Possession, Multiple-Personality Disorder, Dissociative Identity Disorder26 Jan 2022 20:35
Certain rash people have asserted that, just as there are no mice where there are no cats, so no one is possessed where there are no exorcists.
---Georg Christoph Lichtenberg, Aphorisms F 134
Old entry, last edited 26 March 1995Multiple-personality disorder is just what it sounds like: a clinical psychiatric condition whose sufferers exhibit more than one apparent personality in a single body. Some therapists claim over a hundred personalities in one body, which may present themselves as differing from the body in age, appearance, sex, language and even species. (Some therapists claim to have uncovered vegetable and even inanimate personalities.) I have tried to use language as neutral about this as possible, since there is a great deal of controversy about what, exactly, is going on in these lunatics, and even what they should be called. The Diagnostic and Statistical Manual, that judicious compromise between clinical knowledge, professional politics and random social prejudice, in the new fourth edition has eliminated "multiple personality disorder" and put "dissociative identity disorder" in its place. The popular name is still "schizophrenia," but that properly belongs to another mental disorder altogether, and one with, ironically, a much firmer grip in reality. William Calvin has suggested that these states be called "chimeric," which would make the patients chimerae (sing. chimera). I like this, and will try using it here.
Chimerism seems obviously linked to demon or spirit possession, a condition which was once very common in Europe, and still to be observed among, e.g., Pentecostals and Haitian voodooists; and to shamanistic trances, in which the shaman's personal spirits speak and act through his body. (Those societies which have both shamans and demoniacs distinguish between the two; see Eliade.) Alternate personalities can be evoked under hypnosis from normal people (see William James, Principles of Psychology, chapters on the Self and Hypnosis, and the references cited therein.) The possible connections to split-brain patients and actors are unclear, possibly unexplored.
One obvious hypothesis this suggests is that chimerae are created by trance-suggestion, and that spontaneous chimerae are simply people with an innate or acquired ease of slipping into trances. When they and others expect other personalities to appear during these trances, they will. (The distinction between demoniacs and shamans would follow from the fact that the "symptoms" which precede becoming either are quite distinct, so that the suggestion of what kind of alters to develop would also be distinct.) The obvious question is whether chimerism ever develops without trances. The answer, apparently, is no; see Ofshe and Watters, Making Monsters (micro-review under "Memory".) They find no cases which did not begin with hypnotic or related trances, and present compelling evidence that our current epidemic is entirely iatrogenic, i.e. caused by hypno-therapists attempting to discover and treat it. The supposed link to abuse in early childhood collapses for want of independent confirmation of the abuse.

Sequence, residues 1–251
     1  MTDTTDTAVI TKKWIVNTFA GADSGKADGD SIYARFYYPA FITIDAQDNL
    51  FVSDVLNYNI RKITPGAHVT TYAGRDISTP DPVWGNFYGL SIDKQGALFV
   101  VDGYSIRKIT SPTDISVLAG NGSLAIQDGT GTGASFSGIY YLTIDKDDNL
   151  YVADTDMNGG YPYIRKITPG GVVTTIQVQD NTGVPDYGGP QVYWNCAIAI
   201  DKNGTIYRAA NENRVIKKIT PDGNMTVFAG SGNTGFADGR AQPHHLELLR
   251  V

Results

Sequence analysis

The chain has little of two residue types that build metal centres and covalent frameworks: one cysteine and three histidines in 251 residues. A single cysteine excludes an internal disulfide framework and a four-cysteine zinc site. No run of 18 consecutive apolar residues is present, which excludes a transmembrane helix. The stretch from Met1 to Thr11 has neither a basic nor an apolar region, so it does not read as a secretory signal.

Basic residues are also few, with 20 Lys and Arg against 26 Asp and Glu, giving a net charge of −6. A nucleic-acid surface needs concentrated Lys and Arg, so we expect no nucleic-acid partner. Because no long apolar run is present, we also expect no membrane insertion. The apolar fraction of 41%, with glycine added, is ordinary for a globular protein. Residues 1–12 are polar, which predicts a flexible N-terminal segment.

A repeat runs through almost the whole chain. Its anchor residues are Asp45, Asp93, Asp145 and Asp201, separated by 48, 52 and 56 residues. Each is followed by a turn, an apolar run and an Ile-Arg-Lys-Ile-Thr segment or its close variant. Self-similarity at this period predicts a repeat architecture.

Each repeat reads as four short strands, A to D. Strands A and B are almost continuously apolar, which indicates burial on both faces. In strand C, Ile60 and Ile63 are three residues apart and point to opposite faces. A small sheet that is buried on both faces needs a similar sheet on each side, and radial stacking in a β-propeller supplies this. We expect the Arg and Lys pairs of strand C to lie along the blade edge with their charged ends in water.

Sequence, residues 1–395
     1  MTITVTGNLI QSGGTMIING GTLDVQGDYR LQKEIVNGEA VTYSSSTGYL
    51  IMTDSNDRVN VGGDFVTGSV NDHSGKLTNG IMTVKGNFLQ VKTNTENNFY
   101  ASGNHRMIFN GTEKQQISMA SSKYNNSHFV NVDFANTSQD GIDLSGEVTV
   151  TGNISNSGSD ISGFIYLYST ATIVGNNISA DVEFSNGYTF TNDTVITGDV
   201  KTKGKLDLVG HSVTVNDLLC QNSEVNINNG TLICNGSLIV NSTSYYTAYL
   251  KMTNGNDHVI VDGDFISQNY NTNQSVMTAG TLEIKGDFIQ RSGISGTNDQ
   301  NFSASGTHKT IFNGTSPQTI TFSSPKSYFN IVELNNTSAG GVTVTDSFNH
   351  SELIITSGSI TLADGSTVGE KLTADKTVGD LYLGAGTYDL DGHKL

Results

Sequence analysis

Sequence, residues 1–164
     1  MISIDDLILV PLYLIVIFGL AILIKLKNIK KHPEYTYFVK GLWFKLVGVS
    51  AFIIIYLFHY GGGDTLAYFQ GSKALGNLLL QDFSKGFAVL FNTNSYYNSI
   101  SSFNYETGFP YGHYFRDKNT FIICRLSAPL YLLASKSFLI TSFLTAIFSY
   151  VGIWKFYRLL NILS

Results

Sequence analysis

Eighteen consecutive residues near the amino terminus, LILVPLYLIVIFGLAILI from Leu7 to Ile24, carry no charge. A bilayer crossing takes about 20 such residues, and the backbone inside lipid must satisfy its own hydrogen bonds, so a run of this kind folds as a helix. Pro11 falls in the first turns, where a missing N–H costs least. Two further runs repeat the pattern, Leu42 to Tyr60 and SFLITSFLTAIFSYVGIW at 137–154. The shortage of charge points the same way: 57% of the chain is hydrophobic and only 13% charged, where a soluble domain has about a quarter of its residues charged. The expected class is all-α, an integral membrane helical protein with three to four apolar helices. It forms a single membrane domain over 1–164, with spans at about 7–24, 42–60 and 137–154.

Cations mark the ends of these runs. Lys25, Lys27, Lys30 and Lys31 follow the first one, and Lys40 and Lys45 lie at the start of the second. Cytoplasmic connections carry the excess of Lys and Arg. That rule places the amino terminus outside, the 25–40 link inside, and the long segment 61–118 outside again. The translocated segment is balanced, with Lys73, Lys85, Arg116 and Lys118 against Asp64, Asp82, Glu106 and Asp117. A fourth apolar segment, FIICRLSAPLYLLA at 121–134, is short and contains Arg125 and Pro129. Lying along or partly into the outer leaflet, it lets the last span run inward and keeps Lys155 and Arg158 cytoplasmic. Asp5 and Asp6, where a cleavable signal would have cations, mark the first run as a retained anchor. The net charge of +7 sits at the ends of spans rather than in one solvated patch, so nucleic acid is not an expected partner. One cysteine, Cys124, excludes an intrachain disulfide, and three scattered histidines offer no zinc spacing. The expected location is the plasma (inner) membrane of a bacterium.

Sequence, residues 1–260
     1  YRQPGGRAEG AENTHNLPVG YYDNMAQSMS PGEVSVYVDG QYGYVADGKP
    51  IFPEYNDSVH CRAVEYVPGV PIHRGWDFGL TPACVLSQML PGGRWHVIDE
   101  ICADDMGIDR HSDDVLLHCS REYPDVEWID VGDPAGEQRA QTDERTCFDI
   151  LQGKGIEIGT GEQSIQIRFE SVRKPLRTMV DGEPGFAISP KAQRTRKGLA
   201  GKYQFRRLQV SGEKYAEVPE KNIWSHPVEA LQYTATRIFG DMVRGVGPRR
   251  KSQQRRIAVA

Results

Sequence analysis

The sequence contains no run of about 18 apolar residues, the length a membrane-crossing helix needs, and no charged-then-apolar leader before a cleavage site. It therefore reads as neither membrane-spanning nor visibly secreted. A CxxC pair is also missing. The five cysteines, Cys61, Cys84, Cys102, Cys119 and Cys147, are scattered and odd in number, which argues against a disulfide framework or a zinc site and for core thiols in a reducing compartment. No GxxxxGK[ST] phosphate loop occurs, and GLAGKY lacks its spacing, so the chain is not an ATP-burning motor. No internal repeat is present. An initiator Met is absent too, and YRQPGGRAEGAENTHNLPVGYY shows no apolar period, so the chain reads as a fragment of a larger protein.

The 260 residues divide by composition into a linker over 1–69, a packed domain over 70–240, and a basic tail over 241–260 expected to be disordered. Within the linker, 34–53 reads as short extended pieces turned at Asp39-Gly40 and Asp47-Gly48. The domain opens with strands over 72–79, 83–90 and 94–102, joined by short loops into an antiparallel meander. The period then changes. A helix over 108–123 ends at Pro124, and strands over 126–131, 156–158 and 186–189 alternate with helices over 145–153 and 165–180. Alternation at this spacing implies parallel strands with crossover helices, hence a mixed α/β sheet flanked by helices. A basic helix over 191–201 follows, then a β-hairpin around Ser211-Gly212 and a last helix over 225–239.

(Though it might still exist, if children can induce trances in themselves, and abuse (for whatever reason) makes trances more likely. Ofshe and Watters appear not to consider this possibility, or look very much at the ethnographic literature; but I can't blame them. (See the review, or better yet the book.) )
A few pieces of rather hostile mail (one gem wanted to know how many children I'd molested) prompt a clarification. I'm not saying that no children are abused, or that all memories of childhood abuse are false; they are, alas, and there are altogether too many memories of it which are all too real. The dispute is about supposedly repressed memories, and the supposed connection between abuse, repressed memories, and multiple personalities.
Reflections, 4 August 2021
I mostly still agree with this, though I'd certainly write it differently today ("lunatics"!). In the meanwhile, I've come to think of this as an example of an important bundle of issues about how one distinguishes between iatrogenic mental illness, culture-bound syndromes and emerging forms of identity, and how all this connects to social contagion. This is a tangle I'd love to unwind, if only for my own satisfaction, but, realistically, probably never will.
- Erika Bourguignon, Possession [Brief anthropological survey]
- Robert Darnton, Mesmerism and the End of the Enlightenment in France
- Daniel Dennett and Nicholas Humphrey, "Speaking for Our Selves" in Dennett's Brainchildren: Essays on Designing Minds [reviewed by your humble narrator]
- Ian Hacking, Rewriting the Soul: Multiple Personality and the Science of Memory
- Anne Harrington, Medicine, Mind and the Double Brain: A Study in Nineteenth Century Thought
- Aldous Huxley, The Devils of Loudun
- I. M. Lewis, Ecstatic Religion: A Study of Shamanism and Spirit Possession
- Elizabeth Loftus and Katherine Ketcham, The Myth of Repressed Memory
- John Levi Martin, "The Structure of Node and Edge Generation in a Delusional Social Network", Journal of Social Structure 18 (2017): 1--21
- Richard Ofshe and Ethan Watters, Making Monsters: False Memory, Satanic Cult Abuse, and Sexual Hysteria
- Elaine Showalter, Hystories: Hysterical Epidemics and Modern Media
- Nicholas Spanos, Multiple Identities and False Memories: A Sociocognitive Perspective
- To read:
- Alan Gauld, A History of Hypnotism
- Moshe Sluhovsky, Believe Not Every Spirit: Possession, Mysticism, and Discernment in Early Modern Catholicism